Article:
This aerial photo shows a massive sinkhole Friday in Mulberry that opened up underneath a gypsum stack at a Mosaic phosphate fertilizer plant. Tens of millions of gallons of reprocessed water from the fertilizer plant in central Florida are likely to have seeped into the Floridan aquifer after the massive sinkhole opened up. Mosaic says it’s monitoring groundwater and has found no offsite impact.
This aerial photo shows a massive sinkhole Friday in Mulberry that opened up underneath a gypsum stack at a Mosaic phosphate fertilizer plant. Tens of millions of gallons of reprocessed water from the fertilizer plant in central Florida are likely to have seeped into the Floridan aquifer after the massive sinkhole opened up. Mosaic says it’s monitoring groundwater and has found no offsite impact. Jim Damaske Tampa Bay Times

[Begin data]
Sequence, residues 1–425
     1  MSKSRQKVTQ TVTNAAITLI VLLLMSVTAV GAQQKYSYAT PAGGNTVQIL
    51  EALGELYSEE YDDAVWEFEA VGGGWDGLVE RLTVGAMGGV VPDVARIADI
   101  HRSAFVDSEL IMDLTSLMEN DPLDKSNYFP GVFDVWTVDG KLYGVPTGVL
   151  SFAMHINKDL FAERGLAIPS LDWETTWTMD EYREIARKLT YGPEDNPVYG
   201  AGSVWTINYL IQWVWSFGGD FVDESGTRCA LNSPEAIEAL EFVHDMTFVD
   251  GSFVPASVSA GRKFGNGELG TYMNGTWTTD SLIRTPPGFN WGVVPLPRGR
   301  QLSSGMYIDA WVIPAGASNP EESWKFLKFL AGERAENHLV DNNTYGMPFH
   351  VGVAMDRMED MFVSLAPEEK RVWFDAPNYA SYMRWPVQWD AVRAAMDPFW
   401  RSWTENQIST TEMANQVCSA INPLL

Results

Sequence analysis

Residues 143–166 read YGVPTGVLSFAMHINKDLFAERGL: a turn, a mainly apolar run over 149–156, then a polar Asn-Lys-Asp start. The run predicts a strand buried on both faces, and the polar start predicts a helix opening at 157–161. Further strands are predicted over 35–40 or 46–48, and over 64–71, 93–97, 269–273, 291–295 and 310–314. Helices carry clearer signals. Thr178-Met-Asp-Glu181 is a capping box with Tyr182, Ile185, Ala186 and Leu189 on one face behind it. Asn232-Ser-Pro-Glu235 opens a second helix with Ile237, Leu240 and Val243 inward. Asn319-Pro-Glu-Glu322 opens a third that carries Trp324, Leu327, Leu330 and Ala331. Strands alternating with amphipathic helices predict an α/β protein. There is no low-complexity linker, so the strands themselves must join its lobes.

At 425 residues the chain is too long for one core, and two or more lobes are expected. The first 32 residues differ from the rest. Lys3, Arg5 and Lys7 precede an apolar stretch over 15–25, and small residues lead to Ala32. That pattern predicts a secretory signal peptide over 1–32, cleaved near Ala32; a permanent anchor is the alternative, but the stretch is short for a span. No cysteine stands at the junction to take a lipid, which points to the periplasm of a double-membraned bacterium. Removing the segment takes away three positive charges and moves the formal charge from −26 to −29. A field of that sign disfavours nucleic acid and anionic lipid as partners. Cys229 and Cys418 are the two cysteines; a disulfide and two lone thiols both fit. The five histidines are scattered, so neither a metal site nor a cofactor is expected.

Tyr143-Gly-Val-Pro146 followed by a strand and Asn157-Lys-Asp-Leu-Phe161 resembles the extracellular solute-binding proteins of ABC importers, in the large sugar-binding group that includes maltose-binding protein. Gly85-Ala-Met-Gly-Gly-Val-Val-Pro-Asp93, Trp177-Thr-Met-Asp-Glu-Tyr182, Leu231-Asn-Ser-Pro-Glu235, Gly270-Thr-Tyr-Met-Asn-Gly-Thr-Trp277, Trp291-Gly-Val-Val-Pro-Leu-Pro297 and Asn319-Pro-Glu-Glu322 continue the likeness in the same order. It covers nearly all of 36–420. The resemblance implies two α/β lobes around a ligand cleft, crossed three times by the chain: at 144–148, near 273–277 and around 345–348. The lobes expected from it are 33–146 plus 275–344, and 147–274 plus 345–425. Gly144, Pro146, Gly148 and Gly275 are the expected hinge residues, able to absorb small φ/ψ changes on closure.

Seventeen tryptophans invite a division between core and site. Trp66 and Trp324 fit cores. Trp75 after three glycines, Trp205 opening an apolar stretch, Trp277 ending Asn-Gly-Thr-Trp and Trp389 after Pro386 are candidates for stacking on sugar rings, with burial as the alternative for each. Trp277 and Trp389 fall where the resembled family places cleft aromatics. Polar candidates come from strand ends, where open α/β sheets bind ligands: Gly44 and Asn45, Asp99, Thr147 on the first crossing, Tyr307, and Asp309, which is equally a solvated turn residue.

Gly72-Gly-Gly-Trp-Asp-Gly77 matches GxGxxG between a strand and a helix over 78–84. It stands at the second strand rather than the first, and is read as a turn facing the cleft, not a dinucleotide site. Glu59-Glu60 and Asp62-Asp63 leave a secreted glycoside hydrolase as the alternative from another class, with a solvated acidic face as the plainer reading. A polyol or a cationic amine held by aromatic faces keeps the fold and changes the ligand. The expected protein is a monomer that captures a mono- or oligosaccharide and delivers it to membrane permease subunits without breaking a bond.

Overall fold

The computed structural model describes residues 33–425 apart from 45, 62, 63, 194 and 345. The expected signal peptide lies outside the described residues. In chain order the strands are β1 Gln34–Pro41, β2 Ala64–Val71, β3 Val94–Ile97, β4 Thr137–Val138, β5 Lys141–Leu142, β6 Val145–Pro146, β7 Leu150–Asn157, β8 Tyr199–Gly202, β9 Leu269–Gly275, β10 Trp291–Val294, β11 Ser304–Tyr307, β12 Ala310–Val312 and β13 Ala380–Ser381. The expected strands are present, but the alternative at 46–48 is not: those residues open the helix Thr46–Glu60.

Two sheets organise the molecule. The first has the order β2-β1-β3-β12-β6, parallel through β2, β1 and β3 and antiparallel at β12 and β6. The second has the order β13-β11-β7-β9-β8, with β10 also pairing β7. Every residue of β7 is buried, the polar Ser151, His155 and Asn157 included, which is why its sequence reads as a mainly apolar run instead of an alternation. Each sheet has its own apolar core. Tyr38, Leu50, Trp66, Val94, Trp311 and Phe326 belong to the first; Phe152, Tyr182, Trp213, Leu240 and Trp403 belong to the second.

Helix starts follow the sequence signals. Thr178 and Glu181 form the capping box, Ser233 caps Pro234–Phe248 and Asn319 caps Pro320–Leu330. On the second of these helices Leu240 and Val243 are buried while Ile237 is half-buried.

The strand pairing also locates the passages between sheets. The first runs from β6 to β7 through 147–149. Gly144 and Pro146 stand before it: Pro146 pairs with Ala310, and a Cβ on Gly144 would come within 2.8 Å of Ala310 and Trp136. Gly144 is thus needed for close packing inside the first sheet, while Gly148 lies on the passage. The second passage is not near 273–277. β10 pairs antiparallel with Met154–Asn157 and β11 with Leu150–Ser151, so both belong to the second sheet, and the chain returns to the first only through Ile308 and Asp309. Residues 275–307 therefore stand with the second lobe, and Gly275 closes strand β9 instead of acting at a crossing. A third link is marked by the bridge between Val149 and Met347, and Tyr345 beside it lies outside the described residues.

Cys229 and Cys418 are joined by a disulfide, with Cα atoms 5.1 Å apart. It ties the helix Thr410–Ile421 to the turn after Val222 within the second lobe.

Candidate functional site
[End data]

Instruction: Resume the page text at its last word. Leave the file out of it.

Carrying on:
This aerial photo shows a massive sinkhole Friday in Mulberry that opened up underneath a gypsum stack at a Mosaic phosphate fertilizer plant. Tens of millions of gallons of reprocessed water from the fertilizer plant in central Florida are likely to have seeped into the Floridan aquifer after the massive sinkhole opened up. Mosaic says it’s monitoring groundwater and has found no offsite impact. Jim Damaske Tampa Bay Times

Mosaic gypsum stack sink hole exposes a wrong

September 21, 2016 07:16 AM

UPDATED September 21, 2016 07:38 AM

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